High energy diets impair cognition however, the rapidity and time-course of these deficits and the relative contribution of fat and sugar remain unclear. We have previously shown that 1 week of a cafeteria diet with 10 percent sucrose solution (Caf-Sugar), or a regular diet supplemented with 10 percent sucrose (Sugar) can impair hippocampal-dependent place, but not perirhinal-dependent object, recognition memory. These deficits were strongly correlated with markers of hippocampal inflammation, but not neurogenesis, after 1 month of diet (Beilharz et al., 2014).
To determine whether inflammation was present when the deficits first emerged, here we examined a similar cohort after 2 weeks of diet. The Sugar and Caf-Sugar rats again showed selective hippocampal memory deficits. At 2 weeks however, the Sugar rats had higher hippocampal expression of the inflammatory markers TNF-alpha, IL-1beta and SOCS3, compared to Caf-Sugar rats. We found the same pattern in white adipose tissue; Sugar rats had 50-75% higher TNF-alpha and IL-1beta mRNA expression than Caf-Sugar rats. There was no evidence of inflammation in the perirhinal cortex.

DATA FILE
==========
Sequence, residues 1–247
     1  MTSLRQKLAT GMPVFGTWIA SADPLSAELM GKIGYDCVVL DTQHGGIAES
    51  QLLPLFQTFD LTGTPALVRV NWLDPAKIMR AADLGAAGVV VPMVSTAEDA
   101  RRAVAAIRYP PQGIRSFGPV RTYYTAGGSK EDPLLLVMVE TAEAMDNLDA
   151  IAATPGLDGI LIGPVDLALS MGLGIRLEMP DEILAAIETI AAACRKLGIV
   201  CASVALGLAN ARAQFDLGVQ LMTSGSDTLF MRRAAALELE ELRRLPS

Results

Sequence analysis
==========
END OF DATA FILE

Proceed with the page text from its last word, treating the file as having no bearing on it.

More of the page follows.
These results may be linked to a higher glycaemic response in the Sugar rats. Specifically, while the Sugar rats consumed less total sugar than Caf-Sugar rats, they consumed three times more liquid sugar. Increased liquid sugar may lead to a higher glycaemic response and reduced satiety, which would likely promote further consumption. Indeed, at cull, the Sugar rats tended to have higher blood glucose than the Chow and Caf-Sugar rats. In contrast, the Caf-Sugar rats derived more energy from solid sources of sugar and fat, which would slow gastric transition and produce greater feelings of satiety. Greater fluctuations in blood sugar can promote inflammation - this is consistent with the inflammatory changes we found in both the hippocampus and adipose tissue of Sugar rats.